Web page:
“I am very comfortable, very confident in what we are doing,” said Kaepernick, who became the starter for the 49ers in midseason last year and guided them to the Super Bowl. “I feel like I know what the offense is trying to get done and how we are going to get it done.”

Trailing 24-3, the Titans finally broke through to score a touchdown midway through the fourth quarter. Running back Chris Johnson, who was held to 39 rushing yards on only nine carries, darted 67 yards untouched up the middle of the field after collecting a screen pass from Locker. 

The 49ers stretched the lead back to 21 points when Titans punt returner Darius Reynaud muffed a punt that was recovered in the end zone by the 49ers Kassim Osgood. But the Titans showed life by answering with a 10-play, 58-yard drive that culminated with Locker finding tight end Delanie Walker in the end zone on a 26-yard scoring strike.

“This was a big game,” 49ers coach Jim Harbaugh said. “We were treating it like it’s the biggest game of the season. This was Game 7 for us, and we treated it like Game 7 of the World Series, Game 7 of the Stanley Cup.”

The 49ers drove their opening possession from their own 9-yard line to the Titans’ 25 in a dozen plays — the longest being a pass connection between Kaepernick and Davis for 24 yards. A 44-yard field goal by Phil Dawson gave the visitors an early 3-0 lead.

San Francisco opened a 10-0 lead midway through the second quarter when Kaepernick turned a keeper around the left side into an untouched 20-yard score. The drive went 80 yards on eight plays, including a key third-down conversion when Kaepernick connected with Boldin on a 25-yard reception.

During the drive, the 49ers caught a break when an interception by Titans safety Bernard Pollard was nullified. On the play, Titans outside linebacker Akeem Ayers was penalized for unnecessary roughness for tackling Kaepernick at the knees from behind, which kept the drive alive.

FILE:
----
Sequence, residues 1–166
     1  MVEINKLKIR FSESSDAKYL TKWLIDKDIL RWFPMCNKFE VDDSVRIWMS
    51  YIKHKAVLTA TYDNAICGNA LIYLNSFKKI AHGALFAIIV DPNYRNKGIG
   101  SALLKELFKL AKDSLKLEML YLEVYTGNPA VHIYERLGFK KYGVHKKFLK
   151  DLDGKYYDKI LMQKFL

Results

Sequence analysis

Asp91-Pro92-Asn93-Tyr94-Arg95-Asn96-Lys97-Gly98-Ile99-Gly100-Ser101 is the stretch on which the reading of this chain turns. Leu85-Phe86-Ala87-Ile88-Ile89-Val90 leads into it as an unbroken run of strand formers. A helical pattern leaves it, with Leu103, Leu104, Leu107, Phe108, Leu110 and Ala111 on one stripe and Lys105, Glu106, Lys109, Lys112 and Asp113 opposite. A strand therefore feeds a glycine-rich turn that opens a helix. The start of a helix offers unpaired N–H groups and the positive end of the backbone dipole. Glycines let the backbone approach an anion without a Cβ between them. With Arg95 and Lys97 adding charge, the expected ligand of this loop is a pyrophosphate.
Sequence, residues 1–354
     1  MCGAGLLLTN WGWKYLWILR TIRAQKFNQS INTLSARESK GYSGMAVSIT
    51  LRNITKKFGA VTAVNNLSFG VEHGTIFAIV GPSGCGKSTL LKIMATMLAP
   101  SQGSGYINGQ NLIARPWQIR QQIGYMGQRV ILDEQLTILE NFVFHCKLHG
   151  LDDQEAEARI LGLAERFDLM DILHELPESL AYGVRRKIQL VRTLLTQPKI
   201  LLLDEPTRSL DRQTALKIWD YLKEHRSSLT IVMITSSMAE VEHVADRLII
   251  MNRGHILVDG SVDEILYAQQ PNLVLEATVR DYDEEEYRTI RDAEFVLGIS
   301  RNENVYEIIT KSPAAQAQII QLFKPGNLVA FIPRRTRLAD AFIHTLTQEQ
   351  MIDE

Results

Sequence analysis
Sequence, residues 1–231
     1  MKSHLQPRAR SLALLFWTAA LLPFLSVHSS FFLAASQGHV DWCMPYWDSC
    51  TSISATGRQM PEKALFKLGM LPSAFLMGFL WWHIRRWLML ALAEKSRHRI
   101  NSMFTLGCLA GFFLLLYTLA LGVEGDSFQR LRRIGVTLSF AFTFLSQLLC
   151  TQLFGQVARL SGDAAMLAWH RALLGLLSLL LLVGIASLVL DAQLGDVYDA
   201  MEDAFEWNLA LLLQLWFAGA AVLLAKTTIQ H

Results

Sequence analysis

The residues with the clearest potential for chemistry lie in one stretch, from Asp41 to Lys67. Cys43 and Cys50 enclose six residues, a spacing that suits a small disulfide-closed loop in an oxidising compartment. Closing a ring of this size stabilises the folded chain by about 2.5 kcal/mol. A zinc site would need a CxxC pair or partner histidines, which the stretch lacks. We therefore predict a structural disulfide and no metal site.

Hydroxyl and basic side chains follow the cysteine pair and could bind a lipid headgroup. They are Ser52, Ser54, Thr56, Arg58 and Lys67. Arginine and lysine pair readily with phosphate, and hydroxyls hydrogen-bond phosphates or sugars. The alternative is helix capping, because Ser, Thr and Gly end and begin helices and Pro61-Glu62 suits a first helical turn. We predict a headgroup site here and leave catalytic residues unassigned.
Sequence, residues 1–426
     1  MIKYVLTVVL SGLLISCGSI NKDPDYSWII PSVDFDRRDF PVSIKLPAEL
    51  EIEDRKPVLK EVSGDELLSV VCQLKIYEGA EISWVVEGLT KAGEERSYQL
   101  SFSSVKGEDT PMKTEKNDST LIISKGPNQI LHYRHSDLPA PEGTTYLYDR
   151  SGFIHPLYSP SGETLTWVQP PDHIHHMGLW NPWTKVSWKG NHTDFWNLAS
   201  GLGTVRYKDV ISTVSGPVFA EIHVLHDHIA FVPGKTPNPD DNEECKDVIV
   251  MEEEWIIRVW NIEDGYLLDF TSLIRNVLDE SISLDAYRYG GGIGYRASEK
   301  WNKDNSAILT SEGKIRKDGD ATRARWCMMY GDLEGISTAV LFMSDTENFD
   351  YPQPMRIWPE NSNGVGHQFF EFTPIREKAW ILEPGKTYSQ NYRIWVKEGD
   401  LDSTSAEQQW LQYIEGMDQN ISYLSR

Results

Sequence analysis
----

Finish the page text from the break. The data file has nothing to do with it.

The 49ers pushed the lead to 17-0 just before halftime after cornerback Tramaine Brock picked off a pass from Locker to set up San Francisco at the Titans’ 45. Six plays later, Gore plunged in from 1 yard out for the score after Kaepernick converted on a 3rd-and-11 with a 20-yard run and then hooked up on a 20-yard pass to tight end Vance McDonald.

San Francisco broke the game open with the first possession of the second half, methodically marching 79 yards on 12 plays. Kaepernick connected on all four of his pass attempts, and Gore capped the drive with a 1-yard run around left end to make it 24-0.

The Titans finally got on the board early in the fourth quarter thanks to a 31-yard field goal by Rob Bironas. It capped an 11-play drive in which Locker went 4-of-7 and had a key 16-yard run to convert a third-down play.

“Anytime with the offense and you’re beating yourself, it’s very frustrating,” Locker said of several dropped passes and missed throws, the lack of a running game and the team being penalized 10 times for 100 yards. 

” … We need to figure out a way to shore up those details so that I am not standing here after the next game and saying the same thing.”